Host Great Conversations - Branch

Branch offers an easy way to engage your tweeps in a focused, semi-private online conversation. Unlike most approaches to Twitter conversations (typically based on hashtags and list sorting), the Branch conversation itself happens independent of Twitter. The most obvious advantages are that you don’t need to flood your Twitter feed or worry about 140 character limits, and you can limit the participants to an invite-only list.

These advantages make Branch especially attractive for publishers, because a publisher can use Branch to generate compelling content while keeping the reader’s experience as pleasant as their own. With the invite-only option, publishers can invite Ashton Kutcher to participate in a live chat that easily engages the Twitter community without having to sift through tweets from thousands of fans or critics. (This also means Paul Carr doesn’t have to tell anyone to “sit this one out. grown ups talking” because he can simply set up a Branch discussion to exclude them instead.)

And of course embedding a Branch conversation on your own site is as simple as you might expect, with just a few lines to copy/paste. In the example below I asked a Branch employee about the Twitter login authorization. My instinct tells me the request asks for just a little too much, but it’s hardly a real problem at all. My real goal was to demonstrate the simplicity of the embedded exchange. Thanks to clean design, a Branch exchange can look attractive on most media sites.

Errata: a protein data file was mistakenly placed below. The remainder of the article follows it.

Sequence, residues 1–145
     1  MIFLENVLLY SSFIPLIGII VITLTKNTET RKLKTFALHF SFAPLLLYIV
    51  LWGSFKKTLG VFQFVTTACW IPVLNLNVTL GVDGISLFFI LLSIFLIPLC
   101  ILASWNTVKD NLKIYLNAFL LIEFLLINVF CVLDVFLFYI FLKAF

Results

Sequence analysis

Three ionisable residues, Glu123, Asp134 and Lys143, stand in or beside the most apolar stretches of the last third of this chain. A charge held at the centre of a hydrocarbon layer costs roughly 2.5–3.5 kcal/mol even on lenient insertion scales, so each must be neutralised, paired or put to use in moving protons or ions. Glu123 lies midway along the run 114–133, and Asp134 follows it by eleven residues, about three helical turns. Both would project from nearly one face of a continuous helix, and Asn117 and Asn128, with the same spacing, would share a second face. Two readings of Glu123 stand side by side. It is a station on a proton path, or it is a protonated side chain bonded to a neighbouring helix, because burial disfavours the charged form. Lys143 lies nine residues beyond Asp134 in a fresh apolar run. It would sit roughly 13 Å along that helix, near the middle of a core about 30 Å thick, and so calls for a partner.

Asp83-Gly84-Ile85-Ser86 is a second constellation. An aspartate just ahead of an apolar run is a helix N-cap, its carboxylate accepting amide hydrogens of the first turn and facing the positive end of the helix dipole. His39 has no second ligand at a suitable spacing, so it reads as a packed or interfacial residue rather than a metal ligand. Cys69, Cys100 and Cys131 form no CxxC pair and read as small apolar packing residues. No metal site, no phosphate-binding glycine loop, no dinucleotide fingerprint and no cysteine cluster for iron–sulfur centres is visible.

Fortunately, the good people at Branch know enough to keep the user experience on Twitter itself clean, simple and free of spam as well. The biggest single concern I have when using anything like Branch is whether or not the service will flood my inbox or spam my tweeps with alerts and links every time I do something. Branch gives you complete control over what gets tweeted and when, enabling you to engage with your community without being an annoyance to them.

So I encourage any journalist, blogger, media company, teacher, manager — anyone, really — to start a conversation via Branch and see how simply useful it is. Some of you may find this your best option to host weekly or daily discussions on your own site, while others may just keep it in mind for occasional use and never embed a discussion anywhere. Regardless, Rob Likes Branch.



This entry was posted in Media, services, startups, Tech and tagged , , , , , , . Bookmark the permalink.